The story of ex-situ conservation of Olive Ridley Turtles in western coast of India
Scattered across more than a dozen beaches on the Indian coast, are the extremely threatened non-arribada sites of Olive Ridley Turtles. Robbed of the protection of nesting in masses, these sites are subject to low hatching rates due to several man-made and natural threats. From predators to poachers to feral dogs, the nests and the hatchings have to endure significant dangers to make it back to the sea after hatching
However, in few beaches local conservators have started in-situ and ex-situ conservation of nests to ensure that the nesting efforts of the mother Turtle doesn’t go futile. These images were made at one such conservation sites on Indian coasts. Since, the sites did not have an abundance of nests, I had to wait for weeks checking every morning and evening to see if any nests had hatched that day. Every now and then, after close to (or more than) 50% of the eggs had failed to hatch, a small batch of hatchings would finally emerge from under the sand to crawl back to the sea.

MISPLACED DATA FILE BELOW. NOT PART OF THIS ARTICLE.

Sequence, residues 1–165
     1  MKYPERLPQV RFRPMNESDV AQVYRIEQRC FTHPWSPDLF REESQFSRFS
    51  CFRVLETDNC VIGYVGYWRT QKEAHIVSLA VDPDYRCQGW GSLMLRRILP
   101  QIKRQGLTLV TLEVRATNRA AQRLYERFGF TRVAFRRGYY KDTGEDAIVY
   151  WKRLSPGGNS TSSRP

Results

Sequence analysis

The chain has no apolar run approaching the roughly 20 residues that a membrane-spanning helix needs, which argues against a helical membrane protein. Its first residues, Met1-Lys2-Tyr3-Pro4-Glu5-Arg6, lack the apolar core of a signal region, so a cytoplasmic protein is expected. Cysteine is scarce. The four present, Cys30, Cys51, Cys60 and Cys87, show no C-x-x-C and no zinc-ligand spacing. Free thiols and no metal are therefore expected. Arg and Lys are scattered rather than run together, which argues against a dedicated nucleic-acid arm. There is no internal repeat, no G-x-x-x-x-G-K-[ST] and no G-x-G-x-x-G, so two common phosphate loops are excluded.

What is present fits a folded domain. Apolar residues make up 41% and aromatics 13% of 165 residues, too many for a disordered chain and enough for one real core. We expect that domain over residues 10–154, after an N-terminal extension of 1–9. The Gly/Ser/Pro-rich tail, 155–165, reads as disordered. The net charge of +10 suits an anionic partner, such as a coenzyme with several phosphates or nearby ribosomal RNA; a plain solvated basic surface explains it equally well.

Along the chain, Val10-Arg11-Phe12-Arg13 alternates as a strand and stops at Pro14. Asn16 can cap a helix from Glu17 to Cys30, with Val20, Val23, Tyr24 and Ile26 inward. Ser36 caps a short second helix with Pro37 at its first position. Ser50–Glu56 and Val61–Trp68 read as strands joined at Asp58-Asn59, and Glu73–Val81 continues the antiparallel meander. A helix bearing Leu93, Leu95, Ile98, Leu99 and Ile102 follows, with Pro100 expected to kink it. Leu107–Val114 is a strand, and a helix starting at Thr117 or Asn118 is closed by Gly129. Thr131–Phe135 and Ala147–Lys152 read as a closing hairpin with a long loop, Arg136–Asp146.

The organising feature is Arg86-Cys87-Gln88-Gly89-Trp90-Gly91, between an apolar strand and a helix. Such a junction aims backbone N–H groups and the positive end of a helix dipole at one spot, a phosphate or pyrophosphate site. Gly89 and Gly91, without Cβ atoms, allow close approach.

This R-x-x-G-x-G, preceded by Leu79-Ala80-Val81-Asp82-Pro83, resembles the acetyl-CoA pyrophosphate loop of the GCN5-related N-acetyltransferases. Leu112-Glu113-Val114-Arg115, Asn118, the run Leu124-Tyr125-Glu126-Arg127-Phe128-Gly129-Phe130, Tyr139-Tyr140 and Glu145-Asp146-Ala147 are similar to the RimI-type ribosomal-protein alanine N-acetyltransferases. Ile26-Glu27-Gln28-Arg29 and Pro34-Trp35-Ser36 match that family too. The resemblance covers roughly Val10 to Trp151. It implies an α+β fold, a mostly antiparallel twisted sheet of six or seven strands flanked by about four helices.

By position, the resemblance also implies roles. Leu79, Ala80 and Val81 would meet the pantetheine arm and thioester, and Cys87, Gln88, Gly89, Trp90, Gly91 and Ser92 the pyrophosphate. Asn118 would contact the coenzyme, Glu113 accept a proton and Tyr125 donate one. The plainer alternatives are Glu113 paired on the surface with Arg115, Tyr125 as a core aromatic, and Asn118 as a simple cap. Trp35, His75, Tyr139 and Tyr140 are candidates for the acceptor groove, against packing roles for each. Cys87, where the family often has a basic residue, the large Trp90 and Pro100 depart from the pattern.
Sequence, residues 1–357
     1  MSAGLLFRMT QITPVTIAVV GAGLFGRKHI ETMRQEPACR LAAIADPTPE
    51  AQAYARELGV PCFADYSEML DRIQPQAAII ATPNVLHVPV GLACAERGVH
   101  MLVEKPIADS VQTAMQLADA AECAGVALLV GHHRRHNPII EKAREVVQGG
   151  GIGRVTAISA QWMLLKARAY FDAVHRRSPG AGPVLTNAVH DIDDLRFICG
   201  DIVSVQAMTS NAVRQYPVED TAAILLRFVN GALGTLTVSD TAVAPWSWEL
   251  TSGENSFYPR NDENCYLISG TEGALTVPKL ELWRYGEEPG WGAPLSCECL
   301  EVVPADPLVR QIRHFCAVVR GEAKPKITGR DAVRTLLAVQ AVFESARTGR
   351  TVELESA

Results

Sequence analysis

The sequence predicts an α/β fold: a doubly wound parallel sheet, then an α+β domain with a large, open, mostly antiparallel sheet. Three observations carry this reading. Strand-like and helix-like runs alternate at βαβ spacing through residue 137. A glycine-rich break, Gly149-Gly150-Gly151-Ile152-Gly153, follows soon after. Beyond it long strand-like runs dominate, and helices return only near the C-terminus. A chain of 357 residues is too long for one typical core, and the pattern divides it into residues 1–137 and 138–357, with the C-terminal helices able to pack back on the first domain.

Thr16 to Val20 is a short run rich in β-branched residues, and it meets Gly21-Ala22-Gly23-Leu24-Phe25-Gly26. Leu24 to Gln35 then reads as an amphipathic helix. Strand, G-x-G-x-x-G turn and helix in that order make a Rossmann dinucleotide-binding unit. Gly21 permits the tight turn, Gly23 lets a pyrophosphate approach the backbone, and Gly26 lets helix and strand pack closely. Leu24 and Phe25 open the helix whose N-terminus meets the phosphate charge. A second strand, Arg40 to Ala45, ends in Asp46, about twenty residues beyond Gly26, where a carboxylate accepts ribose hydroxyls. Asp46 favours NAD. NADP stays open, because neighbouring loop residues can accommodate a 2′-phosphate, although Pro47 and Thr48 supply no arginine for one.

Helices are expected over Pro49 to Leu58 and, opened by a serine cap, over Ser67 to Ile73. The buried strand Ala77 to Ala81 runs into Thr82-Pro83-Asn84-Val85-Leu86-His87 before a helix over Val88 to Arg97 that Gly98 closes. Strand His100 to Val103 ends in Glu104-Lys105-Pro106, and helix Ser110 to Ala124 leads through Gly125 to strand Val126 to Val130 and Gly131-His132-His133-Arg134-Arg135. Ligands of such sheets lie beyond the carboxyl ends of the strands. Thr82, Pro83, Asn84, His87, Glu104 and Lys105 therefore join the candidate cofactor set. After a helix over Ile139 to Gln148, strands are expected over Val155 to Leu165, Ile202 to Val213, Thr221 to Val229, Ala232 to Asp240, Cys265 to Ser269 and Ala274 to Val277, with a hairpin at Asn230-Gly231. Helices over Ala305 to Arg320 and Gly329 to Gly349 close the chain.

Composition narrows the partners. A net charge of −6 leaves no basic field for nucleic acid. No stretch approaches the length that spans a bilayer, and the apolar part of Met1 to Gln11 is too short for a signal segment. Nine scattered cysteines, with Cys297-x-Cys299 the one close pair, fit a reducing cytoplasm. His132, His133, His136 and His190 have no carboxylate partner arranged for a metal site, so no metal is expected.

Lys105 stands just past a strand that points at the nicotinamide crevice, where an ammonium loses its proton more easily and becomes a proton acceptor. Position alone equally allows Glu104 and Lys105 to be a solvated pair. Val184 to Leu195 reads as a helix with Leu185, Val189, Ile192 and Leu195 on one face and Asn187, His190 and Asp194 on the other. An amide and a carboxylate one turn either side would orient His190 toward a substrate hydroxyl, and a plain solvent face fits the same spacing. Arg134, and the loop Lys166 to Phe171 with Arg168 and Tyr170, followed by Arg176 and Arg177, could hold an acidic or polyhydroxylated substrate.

Through the efforts of the local conservators, non-arribada sites on several beaches have now started resulting in very successful hatching rates. These species, however, are still threatened by loss of beach habitats, trawlers chopping through fins and fishing nets. They often end up being the by-catch of fishing and despite proven data of a meagre loss of about 6% catch in using low by-catch nets, the authorities refuse to implement the usage of these nets against traditional ones.
Location: Various Coasts across India
Subject: Olive Ridley Turtle
IUCN status: Vulnerable
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